The platform propels teens and young adults to full-fledged celebrity status, many of whom go on to sign contracts with sponsors and arts agencies, and whose fame can extend beyond TikTok's scope.

          TikTok thus made famous the American teenager Charli D'Amelio , who downloaded TikTok in the summer of 2019 and became known for her dance videos, before being joined by her sister Dixie D'Amelio, whose account is also becoming extremely popular. In November 2019, the two sisters join the collective of content creators TikTok Hype House, which includes 19 influencers / tiktokers including Addison Rae and Chase Hudson. In January 2020, Charli D'Amelio signed with the talent agency UTA and the New York Times calls her the “queen of TikTok”. In 10 months, her account became the most followed on the platform, and surpassing that of Loren Gray , the March 25, 2020. It subsequently reached over 70.0 million subscribers, as well as 20.1 million on Instagram, 4 million on YouTube and over 2.2 million on Twitter. Victim of harassment and mockery over his body, Charli D'Amelio and her sister Dixie join forces with UNICEF to denounce online bullying and the dangers of celebrity on the platform.

          Young Briton Amelia Gething began her career on Musical.ly at the age of 17, posting skits, covers of songs and dances for fun, quickly becoming popular. She then created a YouTube channel where she could publish longer sketches and reached 500,000 subscribers, attracting the attention of the British public media BBC, which offered to create her own comedy show. This offer, which she accepts, is analyzed as an attempt by the BBC to attract a young audience, as it faces an existential crisis in its competition with major streaming platforms such as Netflix and YouTube. Amelia Gething continues to post content on TikTok (which merged with Musical.ly) where she reached 7 million subscribers in 2019, seven times the sum of her YouTube and Instagram subscribers.

          TikTok app is making famous musicians whose tracks go viral on the platform, such as young American rapper Lil Nas X and his song Old Town Road, French musician Kid Francescoli and French singer Wejdene.

          Media portrayal of this app:

          With the success of the application among the youngest, various Western media are joining the platform, publishing videos adopting its codes, in order to take advantage of the site's strong audience to try in particular to rejuvenate their audience by reaching a generation whose media consumption is different from previous generations. The Washington Post's head of video creation explains that TikTok is very useful, drawing a parallel with its crossword section, long denigrated by readers before becoming very famous and representing real cash flow as well as a source of new subscriptions. Le Monde newspaper joins the platform in June 2020 after confinement in France which has fostered its growth in the country. The head of its Snapchat / TikTok department says that success on the social and current affairs platform like the # BlackLivesMatter movement is testament to a generation of users capable of taking an interest in complex subjects, and who often ask to tackle “difficult” subjects, such as the situation of the Uyghurs, otherwise known to cause controversies related to censorship on the platform.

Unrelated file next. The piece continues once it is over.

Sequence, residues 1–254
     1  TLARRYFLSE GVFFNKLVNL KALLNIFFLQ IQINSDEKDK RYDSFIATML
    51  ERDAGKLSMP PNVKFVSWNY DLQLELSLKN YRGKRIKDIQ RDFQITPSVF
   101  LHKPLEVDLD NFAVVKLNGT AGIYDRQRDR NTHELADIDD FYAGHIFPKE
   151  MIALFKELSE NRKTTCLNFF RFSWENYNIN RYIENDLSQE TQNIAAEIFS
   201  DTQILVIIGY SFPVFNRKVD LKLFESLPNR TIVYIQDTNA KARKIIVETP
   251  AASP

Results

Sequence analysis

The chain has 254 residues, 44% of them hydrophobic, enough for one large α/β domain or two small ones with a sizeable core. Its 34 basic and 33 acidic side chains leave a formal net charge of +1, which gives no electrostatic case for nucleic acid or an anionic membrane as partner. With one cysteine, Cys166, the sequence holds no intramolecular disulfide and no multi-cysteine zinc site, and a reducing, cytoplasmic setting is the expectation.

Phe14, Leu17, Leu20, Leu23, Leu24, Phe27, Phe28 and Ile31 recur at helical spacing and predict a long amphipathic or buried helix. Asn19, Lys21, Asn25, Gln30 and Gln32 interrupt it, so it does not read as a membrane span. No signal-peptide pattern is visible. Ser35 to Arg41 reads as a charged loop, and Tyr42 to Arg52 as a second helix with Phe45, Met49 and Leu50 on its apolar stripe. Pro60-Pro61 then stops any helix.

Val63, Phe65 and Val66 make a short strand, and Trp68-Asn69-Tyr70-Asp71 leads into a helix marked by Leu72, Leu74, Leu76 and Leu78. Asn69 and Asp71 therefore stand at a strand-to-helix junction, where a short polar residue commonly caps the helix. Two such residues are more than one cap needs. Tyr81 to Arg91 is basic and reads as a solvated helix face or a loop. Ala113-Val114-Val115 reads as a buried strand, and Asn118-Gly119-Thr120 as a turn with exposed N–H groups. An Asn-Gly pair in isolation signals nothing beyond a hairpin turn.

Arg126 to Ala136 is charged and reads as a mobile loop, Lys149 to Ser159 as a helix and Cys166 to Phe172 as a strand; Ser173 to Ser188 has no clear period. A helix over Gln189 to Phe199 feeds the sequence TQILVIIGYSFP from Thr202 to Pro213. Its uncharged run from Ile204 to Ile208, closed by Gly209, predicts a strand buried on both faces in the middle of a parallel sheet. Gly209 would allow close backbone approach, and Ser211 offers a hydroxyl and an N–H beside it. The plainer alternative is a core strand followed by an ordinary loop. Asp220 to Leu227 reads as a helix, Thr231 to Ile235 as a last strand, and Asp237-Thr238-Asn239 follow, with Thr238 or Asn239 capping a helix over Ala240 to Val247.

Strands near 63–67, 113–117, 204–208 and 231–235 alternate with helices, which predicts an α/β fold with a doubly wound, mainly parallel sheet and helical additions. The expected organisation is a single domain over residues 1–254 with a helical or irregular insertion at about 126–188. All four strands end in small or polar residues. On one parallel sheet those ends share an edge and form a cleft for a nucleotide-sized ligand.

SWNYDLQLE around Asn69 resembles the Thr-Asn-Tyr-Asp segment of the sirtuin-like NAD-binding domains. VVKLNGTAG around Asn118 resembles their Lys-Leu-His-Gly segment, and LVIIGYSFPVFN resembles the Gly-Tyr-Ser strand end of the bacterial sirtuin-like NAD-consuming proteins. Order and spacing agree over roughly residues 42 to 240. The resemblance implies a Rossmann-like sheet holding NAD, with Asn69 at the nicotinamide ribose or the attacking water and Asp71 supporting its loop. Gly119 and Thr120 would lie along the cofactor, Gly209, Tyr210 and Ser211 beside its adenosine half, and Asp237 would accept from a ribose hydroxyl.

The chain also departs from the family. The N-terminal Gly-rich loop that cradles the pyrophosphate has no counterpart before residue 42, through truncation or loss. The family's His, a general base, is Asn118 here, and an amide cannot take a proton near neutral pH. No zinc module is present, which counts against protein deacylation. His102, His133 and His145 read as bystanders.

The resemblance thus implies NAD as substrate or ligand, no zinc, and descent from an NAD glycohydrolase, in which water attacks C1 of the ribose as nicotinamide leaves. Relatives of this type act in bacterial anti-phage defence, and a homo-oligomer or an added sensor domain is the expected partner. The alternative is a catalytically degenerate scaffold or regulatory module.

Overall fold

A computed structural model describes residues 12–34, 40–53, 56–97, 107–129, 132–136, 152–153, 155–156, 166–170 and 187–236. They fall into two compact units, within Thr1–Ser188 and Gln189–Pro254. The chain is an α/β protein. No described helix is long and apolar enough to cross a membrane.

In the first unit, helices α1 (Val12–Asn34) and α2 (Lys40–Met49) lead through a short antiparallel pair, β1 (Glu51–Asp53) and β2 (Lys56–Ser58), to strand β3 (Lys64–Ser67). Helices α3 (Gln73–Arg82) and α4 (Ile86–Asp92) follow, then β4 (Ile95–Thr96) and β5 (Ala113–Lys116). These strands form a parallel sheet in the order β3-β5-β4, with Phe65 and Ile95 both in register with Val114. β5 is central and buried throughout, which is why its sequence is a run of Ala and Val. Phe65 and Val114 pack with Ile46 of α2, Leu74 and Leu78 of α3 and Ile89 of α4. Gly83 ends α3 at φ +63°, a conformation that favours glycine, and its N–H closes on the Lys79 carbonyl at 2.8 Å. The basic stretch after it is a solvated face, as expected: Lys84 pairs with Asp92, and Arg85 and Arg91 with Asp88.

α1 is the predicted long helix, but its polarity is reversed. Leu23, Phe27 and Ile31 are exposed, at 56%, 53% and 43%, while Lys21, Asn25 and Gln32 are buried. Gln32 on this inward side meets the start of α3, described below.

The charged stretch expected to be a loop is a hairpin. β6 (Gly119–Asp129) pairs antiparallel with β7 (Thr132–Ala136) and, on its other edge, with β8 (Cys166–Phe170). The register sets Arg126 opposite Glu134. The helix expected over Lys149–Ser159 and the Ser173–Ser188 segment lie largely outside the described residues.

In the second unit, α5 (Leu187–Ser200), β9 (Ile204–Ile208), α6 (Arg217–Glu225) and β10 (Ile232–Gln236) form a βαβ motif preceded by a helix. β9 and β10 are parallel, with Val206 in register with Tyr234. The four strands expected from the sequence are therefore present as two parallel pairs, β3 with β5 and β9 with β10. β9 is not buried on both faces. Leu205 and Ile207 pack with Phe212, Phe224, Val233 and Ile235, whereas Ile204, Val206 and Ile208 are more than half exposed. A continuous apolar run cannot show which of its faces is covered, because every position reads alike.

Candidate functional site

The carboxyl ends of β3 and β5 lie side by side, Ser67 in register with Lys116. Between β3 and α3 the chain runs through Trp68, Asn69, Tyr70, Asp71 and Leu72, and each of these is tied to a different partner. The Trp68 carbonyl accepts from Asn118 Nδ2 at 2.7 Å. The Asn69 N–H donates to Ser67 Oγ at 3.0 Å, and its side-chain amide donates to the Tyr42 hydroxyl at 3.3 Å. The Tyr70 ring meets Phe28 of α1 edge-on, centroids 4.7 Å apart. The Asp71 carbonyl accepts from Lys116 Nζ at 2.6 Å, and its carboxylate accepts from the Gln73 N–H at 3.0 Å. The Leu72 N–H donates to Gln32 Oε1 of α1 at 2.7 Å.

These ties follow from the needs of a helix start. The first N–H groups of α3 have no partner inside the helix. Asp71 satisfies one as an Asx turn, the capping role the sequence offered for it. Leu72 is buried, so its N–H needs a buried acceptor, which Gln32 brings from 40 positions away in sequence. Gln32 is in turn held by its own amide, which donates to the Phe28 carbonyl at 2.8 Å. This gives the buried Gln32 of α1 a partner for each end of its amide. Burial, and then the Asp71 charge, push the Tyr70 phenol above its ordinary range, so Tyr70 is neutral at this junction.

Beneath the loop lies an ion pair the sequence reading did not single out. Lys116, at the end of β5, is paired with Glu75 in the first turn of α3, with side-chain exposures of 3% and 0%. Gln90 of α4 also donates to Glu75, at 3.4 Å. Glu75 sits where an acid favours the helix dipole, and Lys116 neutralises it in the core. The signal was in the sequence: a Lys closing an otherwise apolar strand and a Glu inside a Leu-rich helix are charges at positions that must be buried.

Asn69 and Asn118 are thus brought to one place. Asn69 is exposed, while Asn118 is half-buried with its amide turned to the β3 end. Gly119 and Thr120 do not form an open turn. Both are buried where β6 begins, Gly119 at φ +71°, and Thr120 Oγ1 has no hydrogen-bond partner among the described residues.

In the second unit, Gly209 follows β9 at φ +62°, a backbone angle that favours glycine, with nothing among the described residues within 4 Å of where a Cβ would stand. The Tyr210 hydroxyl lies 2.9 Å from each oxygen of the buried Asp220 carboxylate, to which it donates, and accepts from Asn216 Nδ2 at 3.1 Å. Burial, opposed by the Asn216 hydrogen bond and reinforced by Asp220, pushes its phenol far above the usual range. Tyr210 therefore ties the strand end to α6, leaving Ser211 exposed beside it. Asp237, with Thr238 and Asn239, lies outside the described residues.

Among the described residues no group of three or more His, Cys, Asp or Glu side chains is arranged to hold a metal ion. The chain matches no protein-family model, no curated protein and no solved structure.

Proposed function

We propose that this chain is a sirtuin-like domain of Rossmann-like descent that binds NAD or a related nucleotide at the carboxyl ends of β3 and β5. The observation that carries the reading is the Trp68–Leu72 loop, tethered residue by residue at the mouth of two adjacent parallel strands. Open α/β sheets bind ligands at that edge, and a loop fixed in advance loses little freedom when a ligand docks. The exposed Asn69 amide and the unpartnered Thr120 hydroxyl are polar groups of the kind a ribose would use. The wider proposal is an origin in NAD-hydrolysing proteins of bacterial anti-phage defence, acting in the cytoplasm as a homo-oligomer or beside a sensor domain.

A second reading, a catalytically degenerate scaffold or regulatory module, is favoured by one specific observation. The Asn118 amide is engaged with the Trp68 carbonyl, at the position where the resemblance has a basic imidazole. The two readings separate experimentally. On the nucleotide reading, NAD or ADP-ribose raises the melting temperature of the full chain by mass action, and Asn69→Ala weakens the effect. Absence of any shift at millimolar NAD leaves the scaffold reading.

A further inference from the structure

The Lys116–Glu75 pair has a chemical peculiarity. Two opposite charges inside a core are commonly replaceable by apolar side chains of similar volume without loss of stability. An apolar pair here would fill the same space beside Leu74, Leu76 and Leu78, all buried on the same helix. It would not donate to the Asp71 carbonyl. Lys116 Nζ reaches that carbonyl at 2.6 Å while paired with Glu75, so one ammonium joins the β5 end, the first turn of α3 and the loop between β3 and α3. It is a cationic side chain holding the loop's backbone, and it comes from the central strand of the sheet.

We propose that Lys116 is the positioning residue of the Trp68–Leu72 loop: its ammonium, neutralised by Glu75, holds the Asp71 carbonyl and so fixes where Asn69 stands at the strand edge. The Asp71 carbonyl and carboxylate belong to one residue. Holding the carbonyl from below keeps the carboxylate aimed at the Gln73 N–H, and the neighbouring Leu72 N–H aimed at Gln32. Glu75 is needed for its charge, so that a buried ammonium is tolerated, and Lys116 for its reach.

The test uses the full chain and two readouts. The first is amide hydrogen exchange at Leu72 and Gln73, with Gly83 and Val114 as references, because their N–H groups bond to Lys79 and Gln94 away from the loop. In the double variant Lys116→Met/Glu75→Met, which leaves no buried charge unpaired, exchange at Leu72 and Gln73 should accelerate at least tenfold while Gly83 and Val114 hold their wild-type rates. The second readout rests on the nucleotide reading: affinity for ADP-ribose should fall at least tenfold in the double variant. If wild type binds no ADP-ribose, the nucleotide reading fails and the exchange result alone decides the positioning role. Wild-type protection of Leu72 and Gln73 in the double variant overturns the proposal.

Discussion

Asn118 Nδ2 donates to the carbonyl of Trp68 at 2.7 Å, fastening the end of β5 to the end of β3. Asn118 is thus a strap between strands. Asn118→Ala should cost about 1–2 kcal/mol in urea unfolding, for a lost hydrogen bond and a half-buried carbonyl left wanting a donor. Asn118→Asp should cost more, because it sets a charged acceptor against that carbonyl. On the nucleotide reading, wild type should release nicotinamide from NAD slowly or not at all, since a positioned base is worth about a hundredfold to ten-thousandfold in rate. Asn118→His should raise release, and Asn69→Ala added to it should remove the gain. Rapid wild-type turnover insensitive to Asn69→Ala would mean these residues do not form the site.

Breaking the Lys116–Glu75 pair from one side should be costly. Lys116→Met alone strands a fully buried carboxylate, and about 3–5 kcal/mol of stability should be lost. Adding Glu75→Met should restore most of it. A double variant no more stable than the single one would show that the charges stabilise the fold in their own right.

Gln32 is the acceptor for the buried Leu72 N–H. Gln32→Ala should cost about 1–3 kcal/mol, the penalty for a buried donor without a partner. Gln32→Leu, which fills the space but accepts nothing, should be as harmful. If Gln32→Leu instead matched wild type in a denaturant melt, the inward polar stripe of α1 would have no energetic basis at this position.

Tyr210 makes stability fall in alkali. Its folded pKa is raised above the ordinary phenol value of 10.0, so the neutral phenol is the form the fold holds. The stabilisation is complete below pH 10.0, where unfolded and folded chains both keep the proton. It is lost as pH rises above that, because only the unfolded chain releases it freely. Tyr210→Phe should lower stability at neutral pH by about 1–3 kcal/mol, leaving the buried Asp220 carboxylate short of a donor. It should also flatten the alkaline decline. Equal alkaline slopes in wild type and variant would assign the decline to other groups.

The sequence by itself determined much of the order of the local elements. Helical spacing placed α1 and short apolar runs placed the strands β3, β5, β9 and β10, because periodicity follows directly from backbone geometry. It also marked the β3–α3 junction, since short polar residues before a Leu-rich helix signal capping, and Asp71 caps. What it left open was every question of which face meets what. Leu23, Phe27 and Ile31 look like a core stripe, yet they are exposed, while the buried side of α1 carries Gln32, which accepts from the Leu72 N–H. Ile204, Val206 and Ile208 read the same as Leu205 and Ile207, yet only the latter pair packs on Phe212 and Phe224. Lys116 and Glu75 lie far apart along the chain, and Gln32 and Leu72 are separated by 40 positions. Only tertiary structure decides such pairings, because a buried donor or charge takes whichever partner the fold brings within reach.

Politics and TikTok:

          With its popularity soaring in their countries, the platform is attracting European politicians from 2019 and 2020, including Matteo Salvini , Elio Di Rupo and Agnès Buzyn . In Venezuela, it is used by President Nicolás Maduro. In the US, despite the strong success of the platform, it is not joined by President Donald Trump or the Democrat candidate to the presidential 2020 race Joe Biden. In July 2020, French President Emmanuel Macron joined the platform and published a video congratulating the high school students having passed their baccalaureate, in a highly publicized action. The action is analyzed in particular as an entry into the campaign for the 2022 presidential election, not directly targeting users of the platform, mainly minors or among the low-voting age group. Emmanuel Macron is then followed by Jean-Luc Mélenchon , member of the La France Insoumise party and potential presidential candidate of 2022, who responds to him by publishing a parody music video adopting the codes of the platform, and shares the video on Twitter inviting Prime Minister Jean Castex to create an account.

          In June 2020, the platform was reportedly used by adolescents and young adults to coordinate an attempt to sabotage an election rally by US President Donald Trump, in particular through videos explaining how to reserve seats for the rally, offered free of charge, but without intention of going there.


           Also Read: 

        Vinkle.com Android app